By Hassan M. Abukar
The arrival of social media in conservative Somalia has prompted the rise of smart, educated, activists who have become champions for the voiceless. However, the medium has also led to the emergence of a different class of people: extremists of all classes—religious fanatics and clannish hatemongers, misfits, charlatans, and sociopaths. Not a week goes by without someone going viral. The recent sensation is Malyun Ali Feer, who refers to herself simply as M. M. S (Mama Malyun Suuban). She pronounces her nickname like a rapper promoting her album and then adds, “BAM!”
The phenomenon of Mama Malyun on social media is unique and interesting. She is articulate, funny, mentally agile, and outspoken. She is pretty, gregarious, and radiant. That is not only my opinion—it’s hers, too. She looks good on screen, is in good shape, and does not shy away rubbing a cream on her face and hands as she tapes her videos. In fact, she has a side business selling that very brand of cream, and she uses her videos to promote it.
For Somali men who constantly approach her, she has a penchant for blocking them from her Facebook and deriding them for being nuisance. “Waryaa (hey, you), you are not my type,” she bellows. She does not conceal her age. ‘I am 52, single, and not interested in a relationship,” she said. She explains she has had enough relationships to last a lifetime. Mama Malyun knows what kind of man she wants. “I will test him,” she says, “and ask him about his credit score, honesty, hygiene, health, education, and whether or not he is clannish.” If you have a bankruptcy on your record, that is a major red flag to her and you need not to apply.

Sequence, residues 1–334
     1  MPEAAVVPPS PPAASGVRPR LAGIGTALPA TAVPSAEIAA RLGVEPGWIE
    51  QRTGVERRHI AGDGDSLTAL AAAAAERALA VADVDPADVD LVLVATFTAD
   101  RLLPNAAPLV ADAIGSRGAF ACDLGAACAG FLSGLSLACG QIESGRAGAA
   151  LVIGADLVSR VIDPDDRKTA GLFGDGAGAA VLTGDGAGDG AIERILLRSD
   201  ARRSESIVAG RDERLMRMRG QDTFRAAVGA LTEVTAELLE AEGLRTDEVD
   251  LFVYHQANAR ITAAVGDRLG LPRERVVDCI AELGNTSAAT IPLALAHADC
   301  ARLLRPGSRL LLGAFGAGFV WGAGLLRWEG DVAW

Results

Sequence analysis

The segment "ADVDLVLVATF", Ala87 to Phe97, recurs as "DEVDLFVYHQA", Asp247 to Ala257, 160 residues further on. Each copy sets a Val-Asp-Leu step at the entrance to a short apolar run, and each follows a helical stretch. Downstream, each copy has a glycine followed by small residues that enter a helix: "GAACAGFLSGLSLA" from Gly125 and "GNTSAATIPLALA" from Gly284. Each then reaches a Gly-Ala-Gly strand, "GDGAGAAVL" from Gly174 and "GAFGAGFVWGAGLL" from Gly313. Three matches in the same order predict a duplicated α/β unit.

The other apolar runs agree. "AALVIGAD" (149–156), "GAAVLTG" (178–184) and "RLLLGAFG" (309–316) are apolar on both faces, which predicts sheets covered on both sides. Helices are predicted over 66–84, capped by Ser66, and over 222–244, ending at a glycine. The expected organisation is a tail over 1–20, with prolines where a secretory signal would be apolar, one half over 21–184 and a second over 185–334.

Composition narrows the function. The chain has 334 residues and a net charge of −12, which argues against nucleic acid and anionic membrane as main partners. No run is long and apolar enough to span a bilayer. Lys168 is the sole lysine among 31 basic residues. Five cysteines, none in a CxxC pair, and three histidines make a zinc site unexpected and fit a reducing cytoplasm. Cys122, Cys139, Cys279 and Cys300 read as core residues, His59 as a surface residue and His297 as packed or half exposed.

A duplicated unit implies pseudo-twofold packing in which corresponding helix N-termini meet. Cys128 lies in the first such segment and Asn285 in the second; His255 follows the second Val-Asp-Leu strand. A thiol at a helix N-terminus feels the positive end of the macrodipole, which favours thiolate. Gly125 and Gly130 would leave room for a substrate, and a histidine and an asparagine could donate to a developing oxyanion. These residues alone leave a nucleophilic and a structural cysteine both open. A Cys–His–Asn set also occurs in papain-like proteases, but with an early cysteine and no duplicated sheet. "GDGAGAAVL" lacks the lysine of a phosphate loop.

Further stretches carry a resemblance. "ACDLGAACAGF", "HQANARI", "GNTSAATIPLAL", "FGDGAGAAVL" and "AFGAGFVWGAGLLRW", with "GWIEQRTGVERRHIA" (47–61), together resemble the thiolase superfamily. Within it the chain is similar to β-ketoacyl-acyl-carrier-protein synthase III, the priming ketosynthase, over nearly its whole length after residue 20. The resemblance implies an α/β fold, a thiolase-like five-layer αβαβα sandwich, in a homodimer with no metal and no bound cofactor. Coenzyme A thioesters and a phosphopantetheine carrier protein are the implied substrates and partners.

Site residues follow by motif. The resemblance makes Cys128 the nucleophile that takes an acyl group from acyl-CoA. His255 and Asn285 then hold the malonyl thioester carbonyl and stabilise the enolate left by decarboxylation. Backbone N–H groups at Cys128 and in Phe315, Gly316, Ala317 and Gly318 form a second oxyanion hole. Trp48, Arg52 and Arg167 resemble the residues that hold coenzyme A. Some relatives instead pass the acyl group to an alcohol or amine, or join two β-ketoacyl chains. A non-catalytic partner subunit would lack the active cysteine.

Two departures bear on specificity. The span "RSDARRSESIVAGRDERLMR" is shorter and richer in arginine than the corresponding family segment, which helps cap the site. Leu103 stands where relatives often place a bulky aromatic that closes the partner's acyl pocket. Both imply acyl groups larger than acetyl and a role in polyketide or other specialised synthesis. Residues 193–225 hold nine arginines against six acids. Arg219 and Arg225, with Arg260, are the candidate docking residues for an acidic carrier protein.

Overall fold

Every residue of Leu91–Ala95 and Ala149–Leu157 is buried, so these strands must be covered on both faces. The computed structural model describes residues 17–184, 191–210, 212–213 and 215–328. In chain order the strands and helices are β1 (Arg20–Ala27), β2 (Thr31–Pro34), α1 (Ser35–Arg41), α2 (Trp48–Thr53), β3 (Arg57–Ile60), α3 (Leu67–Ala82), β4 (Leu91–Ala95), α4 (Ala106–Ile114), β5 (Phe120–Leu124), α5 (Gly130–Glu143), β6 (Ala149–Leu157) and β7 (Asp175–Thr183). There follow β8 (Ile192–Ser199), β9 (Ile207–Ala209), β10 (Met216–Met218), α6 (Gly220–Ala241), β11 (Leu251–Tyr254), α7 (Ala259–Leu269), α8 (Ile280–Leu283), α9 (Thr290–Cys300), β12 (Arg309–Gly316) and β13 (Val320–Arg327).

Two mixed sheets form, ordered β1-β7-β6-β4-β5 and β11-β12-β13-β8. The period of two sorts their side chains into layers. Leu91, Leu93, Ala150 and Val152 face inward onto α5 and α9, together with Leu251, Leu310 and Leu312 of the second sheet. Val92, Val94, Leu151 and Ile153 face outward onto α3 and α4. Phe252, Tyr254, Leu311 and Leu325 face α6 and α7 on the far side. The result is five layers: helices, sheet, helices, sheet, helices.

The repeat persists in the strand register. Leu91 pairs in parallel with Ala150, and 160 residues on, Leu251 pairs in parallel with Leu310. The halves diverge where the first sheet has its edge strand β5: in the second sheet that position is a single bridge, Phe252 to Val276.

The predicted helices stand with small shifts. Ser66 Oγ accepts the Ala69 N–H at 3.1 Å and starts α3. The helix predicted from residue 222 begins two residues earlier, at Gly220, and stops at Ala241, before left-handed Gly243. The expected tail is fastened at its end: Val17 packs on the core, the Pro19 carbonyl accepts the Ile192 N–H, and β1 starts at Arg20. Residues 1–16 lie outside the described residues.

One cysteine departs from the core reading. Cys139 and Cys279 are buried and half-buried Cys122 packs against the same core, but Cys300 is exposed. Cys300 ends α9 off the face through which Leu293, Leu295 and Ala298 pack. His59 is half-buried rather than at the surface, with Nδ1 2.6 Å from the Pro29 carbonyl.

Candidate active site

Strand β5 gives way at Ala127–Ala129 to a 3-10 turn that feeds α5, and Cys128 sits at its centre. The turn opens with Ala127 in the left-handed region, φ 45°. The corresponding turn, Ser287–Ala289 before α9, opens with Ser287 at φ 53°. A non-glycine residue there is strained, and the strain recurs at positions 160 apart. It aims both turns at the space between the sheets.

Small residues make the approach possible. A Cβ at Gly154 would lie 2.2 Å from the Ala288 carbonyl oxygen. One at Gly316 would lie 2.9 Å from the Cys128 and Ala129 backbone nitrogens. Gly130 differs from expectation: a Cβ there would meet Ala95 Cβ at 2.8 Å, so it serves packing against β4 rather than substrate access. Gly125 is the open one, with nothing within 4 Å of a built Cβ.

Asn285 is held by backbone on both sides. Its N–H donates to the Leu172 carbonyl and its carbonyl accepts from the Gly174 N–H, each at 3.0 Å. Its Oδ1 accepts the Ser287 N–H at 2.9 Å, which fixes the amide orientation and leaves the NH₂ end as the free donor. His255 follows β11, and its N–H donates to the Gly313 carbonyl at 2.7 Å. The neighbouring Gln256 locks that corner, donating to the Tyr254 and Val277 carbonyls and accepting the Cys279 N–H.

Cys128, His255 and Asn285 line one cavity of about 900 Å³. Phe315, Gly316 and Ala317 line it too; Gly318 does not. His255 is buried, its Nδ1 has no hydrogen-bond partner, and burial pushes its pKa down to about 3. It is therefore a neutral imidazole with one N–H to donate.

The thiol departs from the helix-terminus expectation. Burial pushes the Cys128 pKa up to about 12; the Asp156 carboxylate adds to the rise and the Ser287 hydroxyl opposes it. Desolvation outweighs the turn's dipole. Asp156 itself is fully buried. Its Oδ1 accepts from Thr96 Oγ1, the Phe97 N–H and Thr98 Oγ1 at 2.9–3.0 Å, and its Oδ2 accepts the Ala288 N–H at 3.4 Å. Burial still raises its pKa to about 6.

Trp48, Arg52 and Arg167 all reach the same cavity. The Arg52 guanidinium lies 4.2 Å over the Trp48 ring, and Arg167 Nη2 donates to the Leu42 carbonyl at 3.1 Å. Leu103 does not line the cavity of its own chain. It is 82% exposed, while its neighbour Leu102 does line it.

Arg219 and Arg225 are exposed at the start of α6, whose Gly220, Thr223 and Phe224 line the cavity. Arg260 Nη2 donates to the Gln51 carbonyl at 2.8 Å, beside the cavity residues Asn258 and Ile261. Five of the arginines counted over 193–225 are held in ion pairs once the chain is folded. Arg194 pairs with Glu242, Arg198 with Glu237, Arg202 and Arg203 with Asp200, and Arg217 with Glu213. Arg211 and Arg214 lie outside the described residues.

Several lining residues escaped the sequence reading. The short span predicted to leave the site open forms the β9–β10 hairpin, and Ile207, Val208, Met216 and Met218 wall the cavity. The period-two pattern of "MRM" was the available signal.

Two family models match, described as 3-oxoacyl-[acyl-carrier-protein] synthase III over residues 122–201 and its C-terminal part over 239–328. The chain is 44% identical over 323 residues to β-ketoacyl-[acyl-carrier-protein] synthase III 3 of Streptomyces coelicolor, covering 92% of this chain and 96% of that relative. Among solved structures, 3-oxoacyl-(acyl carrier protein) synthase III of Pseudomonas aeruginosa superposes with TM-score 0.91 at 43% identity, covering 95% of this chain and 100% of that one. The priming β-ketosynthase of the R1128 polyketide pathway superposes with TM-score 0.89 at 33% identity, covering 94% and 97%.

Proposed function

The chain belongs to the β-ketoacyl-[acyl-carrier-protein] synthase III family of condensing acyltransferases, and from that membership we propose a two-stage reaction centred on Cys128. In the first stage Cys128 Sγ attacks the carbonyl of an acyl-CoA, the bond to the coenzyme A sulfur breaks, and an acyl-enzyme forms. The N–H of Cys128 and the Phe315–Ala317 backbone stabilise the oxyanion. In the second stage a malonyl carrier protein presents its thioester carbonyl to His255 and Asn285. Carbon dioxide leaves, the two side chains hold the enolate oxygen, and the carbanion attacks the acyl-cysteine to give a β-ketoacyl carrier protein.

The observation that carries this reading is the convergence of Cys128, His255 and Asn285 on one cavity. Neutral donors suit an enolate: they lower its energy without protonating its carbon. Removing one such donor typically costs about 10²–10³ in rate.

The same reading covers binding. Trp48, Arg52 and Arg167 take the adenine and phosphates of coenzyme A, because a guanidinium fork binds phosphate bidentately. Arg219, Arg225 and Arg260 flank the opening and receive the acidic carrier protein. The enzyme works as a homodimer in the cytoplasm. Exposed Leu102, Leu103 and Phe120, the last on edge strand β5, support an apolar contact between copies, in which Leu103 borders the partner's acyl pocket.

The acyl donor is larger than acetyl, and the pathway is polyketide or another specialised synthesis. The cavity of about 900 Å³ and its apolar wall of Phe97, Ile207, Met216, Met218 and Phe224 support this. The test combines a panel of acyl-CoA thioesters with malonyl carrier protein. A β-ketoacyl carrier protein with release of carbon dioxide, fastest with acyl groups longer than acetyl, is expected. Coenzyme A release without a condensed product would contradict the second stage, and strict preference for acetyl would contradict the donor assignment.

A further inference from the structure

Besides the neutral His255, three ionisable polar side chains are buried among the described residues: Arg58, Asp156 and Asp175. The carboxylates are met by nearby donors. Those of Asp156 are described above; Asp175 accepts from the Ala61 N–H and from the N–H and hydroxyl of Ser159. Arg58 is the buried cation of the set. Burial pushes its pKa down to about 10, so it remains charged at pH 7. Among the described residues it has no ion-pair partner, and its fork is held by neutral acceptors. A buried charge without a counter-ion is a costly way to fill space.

Mama Malyun’s videos are full of humor, sarcasm, songs, and a bit of self-promotion. She does little to hide her disdain of men who are irresponsible deadbeats. She advises women to exit humdrum marriages. Her first video, which put her on the map, drew howls of outrage because she said she had been married 13 times. “No, wait a minute,” she suddenly paused as though her memory was failing. ”It is actually 15 husbands. I forgot two guys.” Then, she turned to the camera and scolded her audience to learn math.
Now, how many men or women would go publicly and declare the dozens of spouses that they had in their lifetime? Not many, I suppose. Mama Malyun has no qualms about marrying many men. Apparently, she does not crumble at night in self-pity and despair. She talks openly about her marriages and admits she had a dizzying ride of ups and downs. Some of her marriages started with a sizzle and ended with a fizzle. She gushes about the ones who were good to her, while chronicling those who owe her dowry money, and the ones who took her money and vanished. Some ex-husbands, of course, left traces in her heart—not all her husbands were bad.
What is unique about Mama Malyun is that she has listed the clans of the men she married. The majority of them are her clan, Darod, and 10 are Majertein, her sub-clan. The other two were Hawiye and Isaaq respectively. She jokes that her marriage to the Hawiye (Murursade) guy means that she is the sister-in-law of Prime Minister Hassan Kheyre, and she laments that she had not married a Marehan, the president’s clan. The Isaaq man is the father of her son and she proudly announces that she is, in essence, a Somalilander. There goes the 4.5 clan power structure in Somalia! Her ex-husbands only cover three of the five clan groupings. Missing, of course, are the Digil/Mirifle and Beesha Shanaad. It is their misfortune that they did not make it on the vaunted list. Or perhaps, they dodged a bullet. Who knows how Mama Malyun would have castigated them?